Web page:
Though you may have never heard of crowdsourcing, since you’re someone with an active interest in gaming, you may have already participated in it.
Crowdsourcing describes a task which is delegated to a group of individuals. The group is typically quite large, with each member usually unknown to each other and only linked through their one common goal.
If you’ve been folding@home, you’ve been crowdsourced.
It clearly works in science projects, but how does this relate to game development?
Startup iPhone developer Inovaz has very recently used crowdsourcing for its upcoming title Aztec Odyssey. The indie developer has teamed up with music marketplace group Minimum Noise, and in doing so gained access to professional and aspiring musicians from around the world.
“You describe what you are looking for and set a budget,” explains Kristian Dupont, owner of Minimum Noise. “Producers who are interested will participate, and when you decide on a composition, you select that as the winner, transfer the money to the producer and receive the audio including the rights to usage.”
Looking at Inovaz’ Minimum Noise page, the developer offered $250 for the background music to just the first level of Aztec Odyssey, and described on the profile page how it was looking for a soundtrack that is “heavily influenced by tribal and indigenous American styles.”
Inovaz received over 25 submissions for the soundtrack and, depressingly, most of them sound good. It’s a sad state of affairs when $250’s worth of background music doesn’t sound too distant from ‘professional’ in-house productions at game studios. Killzone 2’s soundtrack was recorded live at Abbey Road Studios, and yet rarely is the game praised for its sophisticated sound.
But unlike Abbey Road Studios, with crowdsourcing you’re not paying serious amounts of money per hour. “We expect a usual fee for music to be around $100-$500,” says Dupont, “which should be realistic for most productions.”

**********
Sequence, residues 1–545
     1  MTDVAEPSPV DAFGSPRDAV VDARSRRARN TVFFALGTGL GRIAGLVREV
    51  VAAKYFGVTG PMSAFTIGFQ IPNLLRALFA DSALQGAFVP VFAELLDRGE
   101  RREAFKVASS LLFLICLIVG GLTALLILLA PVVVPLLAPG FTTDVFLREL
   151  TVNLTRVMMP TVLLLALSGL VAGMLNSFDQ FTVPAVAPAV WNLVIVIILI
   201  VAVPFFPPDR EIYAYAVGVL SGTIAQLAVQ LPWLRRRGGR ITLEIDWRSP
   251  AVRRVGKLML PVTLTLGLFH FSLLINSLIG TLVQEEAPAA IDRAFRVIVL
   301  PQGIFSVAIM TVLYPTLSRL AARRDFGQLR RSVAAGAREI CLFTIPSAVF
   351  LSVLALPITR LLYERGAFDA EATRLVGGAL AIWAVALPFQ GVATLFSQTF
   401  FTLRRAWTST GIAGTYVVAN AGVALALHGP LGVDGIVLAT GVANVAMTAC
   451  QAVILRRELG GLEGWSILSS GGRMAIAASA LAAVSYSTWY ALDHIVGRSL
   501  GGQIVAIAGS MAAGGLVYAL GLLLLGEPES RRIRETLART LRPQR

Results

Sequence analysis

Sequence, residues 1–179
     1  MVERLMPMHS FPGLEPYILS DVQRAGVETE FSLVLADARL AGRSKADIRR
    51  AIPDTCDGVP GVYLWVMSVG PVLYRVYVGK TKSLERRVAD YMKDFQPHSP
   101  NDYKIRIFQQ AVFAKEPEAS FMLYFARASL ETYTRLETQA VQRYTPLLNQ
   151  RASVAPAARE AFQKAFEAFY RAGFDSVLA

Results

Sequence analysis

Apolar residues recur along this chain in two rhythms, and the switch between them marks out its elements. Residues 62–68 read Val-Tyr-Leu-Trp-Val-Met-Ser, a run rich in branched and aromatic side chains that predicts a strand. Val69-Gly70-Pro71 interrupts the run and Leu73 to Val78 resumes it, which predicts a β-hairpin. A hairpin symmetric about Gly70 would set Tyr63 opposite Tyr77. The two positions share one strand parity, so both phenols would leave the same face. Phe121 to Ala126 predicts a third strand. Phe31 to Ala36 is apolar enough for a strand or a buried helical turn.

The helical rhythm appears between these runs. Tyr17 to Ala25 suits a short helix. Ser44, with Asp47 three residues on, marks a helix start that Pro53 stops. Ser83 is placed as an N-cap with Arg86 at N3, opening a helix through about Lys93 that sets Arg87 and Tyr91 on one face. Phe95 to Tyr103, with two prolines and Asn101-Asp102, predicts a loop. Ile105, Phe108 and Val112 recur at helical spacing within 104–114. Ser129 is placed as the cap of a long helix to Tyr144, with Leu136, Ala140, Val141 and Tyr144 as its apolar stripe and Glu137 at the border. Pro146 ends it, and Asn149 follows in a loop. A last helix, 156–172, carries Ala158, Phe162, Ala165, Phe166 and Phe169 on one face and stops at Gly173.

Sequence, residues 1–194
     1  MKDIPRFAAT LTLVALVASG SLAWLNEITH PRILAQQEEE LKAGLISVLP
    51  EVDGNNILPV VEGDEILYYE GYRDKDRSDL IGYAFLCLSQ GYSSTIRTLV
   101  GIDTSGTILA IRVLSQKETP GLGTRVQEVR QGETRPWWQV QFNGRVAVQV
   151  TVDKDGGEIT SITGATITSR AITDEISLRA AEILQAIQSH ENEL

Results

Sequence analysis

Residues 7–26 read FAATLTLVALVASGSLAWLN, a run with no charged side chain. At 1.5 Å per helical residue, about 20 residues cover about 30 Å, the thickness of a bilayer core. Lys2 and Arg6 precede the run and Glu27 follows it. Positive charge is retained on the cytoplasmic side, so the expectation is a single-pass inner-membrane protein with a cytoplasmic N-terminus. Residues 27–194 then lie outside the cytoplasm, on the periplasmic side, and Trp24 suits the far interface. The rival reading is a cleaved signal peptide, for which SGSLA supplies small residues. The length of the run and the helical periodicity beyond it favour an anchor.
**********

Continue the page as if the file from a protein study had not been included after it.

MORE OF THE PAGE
However, the nature of the service and indeed the youth of the business has provided a few obstacles for Minimum Noise. “First of all, there is the entire licensing model to consider,” says Dupont. “Right now, we insist that producers transfer all rights to the project owner, but we will expand to other options as this is not feasible for all.”
“Furthermore, there is the risk of producers contributing something that they did not make themselves,” he says, before adding that this is still a risk when purchasing any kind of media in the first place.
“We hope that the community will watch out for scammers and report to us. Other than that, we are watching everything closely and listening to our users all the time.”
As for the future of crowdsourcing, Dupont is – of course – a big believer. But then again, he’s not alone:
“We think that the crowdsourcing model will be wide spread to all areas of game development. Currently, it is very popular in the design world [1,2,3], and the model is definitively proven. When it will take off in other areas is hard to say, but we think it will do so in a near future.”